by a river basin authority because they are the authority responsible for the safety
of human settlements. Whereas an environmental protection agency would look at
it in terms of biological quality and ecological functionality as they are responsible
for nature conservation. At the same time, the same river can be seen as an energy
source by an energy agency, as part of an ecological corridor by landscape desi-
gners, as a waterfront by planners designing for a municipality, or as an area for
leisure and sports, shipping of goods, etc. Conceptually the same river can be seen
in different ways either as a line or as a polygon, including or excluding banks or
yearly flooding areas, and consequently its area can be delimited differently as il-
lustrated in figure 2.3 (Camerata et al., 2010).
Figure 2.3: River Leiblach (Austrian-German border): different river data models across the border
(HUMBOLDT Consortium 2010)
2.4.2. The multi-scalar dimension
The administrative levels responsible for planning, although not the same for all
European countries, are basically the national, state/county and local levels. When
referring to the purpose of planning, where supra-regional and global issues are
dealt with as much as local and sub-municipal issues (Ghose and Huxhold, 2003),
the current administrative levels do not completely match today’s requirements. In-
creasingly, spatial planning does not act at national, state and local levels, but rather
at in-between levels, in transnational regions, cross-border regions, metropolitan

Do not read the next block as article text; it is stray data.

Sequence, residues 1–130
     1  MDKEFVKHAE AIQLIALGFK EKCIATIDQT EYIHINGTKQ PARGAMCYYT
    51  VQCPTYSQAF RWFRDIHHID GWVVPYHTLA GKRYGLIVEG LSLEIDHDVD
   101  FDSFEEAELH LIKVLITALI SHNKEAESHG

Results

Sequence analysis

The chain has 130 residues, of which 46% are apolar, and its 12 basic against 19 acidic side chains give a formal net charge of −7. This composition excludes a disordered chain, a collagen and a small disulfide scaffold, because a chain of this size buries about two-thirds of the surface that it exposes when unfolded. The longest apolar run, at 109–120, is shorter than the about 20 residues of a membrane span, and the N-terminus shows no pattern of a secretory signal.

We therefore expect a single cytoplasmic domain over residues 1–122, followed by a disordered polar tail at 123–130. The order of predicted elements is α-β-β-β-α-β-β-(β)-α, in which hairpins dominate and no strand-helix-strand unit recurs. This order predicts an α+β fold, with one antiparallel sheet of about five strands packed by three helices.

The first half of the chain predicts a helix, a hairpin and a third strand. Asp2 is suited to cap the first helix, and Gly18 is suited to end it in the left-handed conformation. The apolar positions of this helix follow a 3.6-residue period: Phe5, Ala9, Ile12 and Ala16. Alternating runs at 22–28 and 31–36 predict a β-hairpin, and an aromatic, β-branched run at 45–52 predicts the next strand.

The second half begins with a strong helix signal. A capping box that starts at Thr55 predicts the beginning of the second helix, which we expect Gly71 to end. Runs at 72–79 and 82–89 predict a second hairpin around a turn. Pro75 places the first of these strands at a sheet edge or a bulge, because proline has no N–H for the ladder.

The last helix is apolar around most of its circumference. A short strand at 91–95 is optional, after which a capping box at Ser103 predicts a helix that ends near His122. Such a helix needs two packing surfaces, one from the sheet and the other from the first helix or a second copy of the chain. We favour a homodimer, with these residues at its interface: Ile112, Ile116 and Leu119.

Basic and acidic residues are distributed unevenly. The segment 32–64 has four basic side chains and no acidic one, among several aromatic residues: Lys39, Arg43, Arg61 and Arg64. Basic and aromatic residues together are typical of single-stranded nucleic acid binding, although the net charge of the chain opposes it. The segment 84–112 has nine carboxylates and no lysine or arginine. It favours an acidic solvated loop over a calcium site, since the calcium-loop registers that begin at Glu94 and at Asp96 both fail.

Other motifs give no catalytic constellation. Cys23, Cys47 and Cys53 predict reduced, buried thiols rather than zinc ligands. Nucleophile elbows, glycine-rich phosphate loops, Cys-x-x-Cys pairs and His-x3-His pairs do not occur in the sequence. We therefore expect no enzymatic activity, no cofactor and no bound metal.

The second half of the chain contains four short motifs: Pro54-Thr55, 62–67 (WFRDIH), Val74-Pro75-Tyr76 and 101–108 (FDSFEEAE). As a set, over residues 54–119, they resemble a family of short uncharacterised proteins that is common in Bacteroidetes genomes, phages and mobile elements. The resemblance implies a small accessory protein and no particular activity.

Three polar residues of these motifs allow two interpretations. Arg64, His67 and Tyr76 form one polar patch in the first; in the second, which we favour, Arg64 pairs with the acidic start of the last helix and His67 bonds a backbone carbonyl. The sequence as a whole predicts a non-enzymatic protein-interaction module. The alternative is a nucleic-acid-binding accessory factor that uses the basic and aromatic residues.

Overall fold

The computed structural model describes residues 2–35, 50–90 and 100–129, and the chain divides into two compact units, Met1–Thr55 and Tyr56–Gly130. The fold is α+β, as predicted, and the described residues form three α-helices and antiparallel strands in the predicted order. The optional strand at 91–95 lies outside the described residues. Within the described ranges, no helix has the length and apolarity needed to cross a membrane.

regions, neighbourhoods, etc. Issues such as transport networks, nature protection,
natural hazards like floods and earthquakes, urbanisation, river basins and many
more, do not all reflect and respect administrative borders. Relevant planning areas
are development regions, touristic areas, industrial or nature protection zones, river
basins districts, natural risk zones, etc. SDI can contribute to better integrate all
levels of spatial planning and provide accessible data for those administrative levels
not directly addressed by official policy making levels.
2.4.3. Dynamic planning
Dynamic planning is the ability to react to changes. The advantage of dynamic plan-
ning is that what was initially foreseen as a plan can be monitored and checked re-
gularly in time, and when problems occur small fixes can be immediately done
instead making more elaborate repairs at a later date in order to be compliant with
initial planning objectives. As there is a need to make an economic use of the scarce
natural resources and to promote sustainable spatial development across the whole